Getting A Diagnosis


Getting A Diagnosis


It’s quite possible that you have been ill for some time and have visited your General Practitioner (GP) on many occasions regarding your symptoms.

If you have read our information on hypothyroidism (myxoedema/underactive thyroid) or hyperthyroidism (overactive thyroid) and you have a lot of the symptoms, think about making an appointment to visit your GP and discuss some options.

Your doctor will need all the information about your health that you can give.  Try to be clear and precise when you speak to your doctor.  Give your doctor copies of anything you have written down so that it can be read and a copy put in your records. Be specific about your symptoms or your doctor may miss something.

For instance, if you have to have the heating up high in your house all the time because you are cold and people make comments about this, tell your doctor. If you find yourself going to bed early, waking up late and sleeping all afternoon because you are so tired, tell your doctor.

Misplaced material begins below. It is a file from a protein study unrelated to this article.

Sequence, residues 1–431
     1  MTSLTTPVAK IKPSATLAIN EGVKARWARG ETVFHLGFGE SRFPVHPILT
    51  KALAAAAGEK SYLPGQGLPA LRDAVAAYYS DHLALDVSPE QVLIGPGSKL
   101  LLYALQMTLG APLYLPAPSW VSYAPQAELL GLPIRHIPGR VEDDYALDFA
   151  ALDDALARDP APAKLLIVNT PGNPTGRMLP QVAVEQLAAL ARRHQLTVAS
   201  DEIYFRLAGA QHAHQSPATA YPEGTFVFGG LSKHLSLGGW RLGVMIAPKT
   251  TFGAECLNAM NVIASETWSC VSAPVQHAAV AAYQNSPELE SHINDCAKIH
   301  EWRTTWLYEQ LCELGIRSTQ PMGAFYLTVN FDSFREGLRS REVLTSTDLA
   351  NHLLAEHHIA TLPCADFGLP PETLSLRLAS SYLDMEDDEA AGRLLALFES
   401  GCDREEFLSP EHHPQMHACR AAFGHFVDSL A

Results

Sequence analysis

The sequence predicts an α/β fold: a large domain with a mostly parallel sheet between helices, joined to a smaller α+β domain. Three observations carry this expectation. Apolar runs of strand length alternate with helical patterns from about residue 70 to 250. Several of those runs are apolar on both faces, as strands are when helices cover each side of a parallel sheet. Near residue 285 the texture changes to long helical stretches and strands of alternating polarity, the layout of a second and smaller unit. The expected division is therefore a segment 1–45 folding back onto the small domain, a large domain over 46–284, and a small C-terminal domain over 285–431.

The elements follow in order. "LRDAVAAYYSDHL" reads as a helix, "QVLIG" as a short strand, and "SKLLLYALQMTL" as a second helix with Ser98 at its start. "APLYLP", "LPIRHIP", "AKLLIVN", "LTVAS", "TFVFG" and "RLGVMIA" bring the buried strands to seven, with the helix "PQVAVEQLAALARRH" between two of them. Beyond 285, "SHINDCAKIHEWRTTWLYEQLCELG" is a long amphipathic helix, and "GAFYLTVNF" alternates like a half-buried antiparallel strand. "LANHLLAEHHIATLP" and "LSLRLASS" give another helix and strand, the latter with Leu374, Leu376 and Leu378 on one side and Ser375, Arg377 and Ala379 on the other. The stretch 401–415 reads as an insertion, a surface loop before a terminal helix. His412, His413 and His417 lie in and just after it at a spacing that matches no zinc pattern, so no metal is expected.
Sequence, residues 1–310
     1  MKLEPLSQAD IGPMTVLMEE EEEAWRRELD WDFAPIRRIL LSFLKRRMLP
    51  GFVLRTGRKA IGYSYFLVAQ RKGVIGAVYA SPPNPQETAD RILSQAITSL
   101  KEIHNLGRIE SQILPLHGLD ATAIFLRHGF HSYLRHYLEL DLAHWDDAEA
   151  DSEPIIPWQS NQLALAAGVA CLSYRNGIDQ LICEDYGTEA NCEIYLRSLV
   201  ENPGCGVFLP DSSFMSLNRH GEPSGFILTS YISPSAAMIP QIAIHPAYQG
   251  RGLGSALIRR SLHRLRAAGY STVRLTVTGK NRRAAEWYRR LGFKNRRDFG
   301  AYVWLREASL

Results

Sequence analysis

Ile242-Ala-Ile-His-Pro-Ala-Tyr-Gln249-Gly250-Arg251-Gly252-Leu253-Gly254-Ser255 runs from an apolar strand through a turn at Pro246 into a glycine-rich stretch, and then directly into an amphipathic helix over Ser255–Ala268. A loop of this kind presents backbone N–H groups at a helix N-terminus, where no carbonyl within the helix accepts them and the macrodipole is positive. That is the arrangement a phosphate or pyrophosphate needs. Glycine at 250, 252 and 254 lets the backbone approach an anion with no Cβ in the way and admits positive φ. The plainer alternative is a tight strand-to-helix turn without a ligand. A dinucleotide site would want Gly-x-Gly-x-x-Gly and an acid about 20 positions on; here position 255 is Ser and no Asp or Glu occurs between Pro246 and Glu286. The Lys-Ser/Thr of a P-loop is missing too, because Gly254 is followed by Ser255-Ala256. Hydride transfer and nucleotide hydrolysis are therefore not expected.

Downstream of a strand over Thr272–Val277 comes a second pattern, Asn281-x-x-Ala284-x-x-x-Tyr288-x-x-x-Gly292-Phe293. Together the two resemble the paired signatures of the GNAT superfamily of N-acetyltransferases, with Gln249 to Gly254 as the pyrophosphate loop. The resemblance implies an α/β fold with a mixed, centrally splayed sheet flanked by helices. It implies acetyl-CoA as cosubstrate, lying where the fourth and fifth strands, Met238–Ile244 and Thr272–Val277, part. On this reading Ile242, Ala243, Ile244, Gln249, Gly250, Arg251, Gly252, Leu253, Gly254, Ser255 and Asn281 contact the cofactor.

If you walk around all day in shorts and a t-shirt and have the windows open all the time, even in winter, because you are always very hot, tell your doctor.

How often have you come out of the doctor’s surgery and forgotten nearly everything that was said to you? Take someone with you if you can, not only for support but also so that they can remember what has been said. This person may also be able to confirm what you are telling the doctor.

Undiagnosed hypothyroidism or hyperthyroidism can cause a great strain on the heart. It is therefore very important not to miss a diagnosis of hypothyroidism or hyperthyroidism.

Thyroid UK suggest a step by step approach to improve your health.  First of all you need to gather as much information about your medical history as you can and then make an appointment with your doctor to discuss everything.


Preparing for your appointment

At the appointment


Thyroid UK relies on donations so that we can continue to support and campaign for people with thyroid disease and related disorders.  If you have found our information helpful, please do think about donating or becoming a member.


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Date updated: 04/06/19 (V1.1)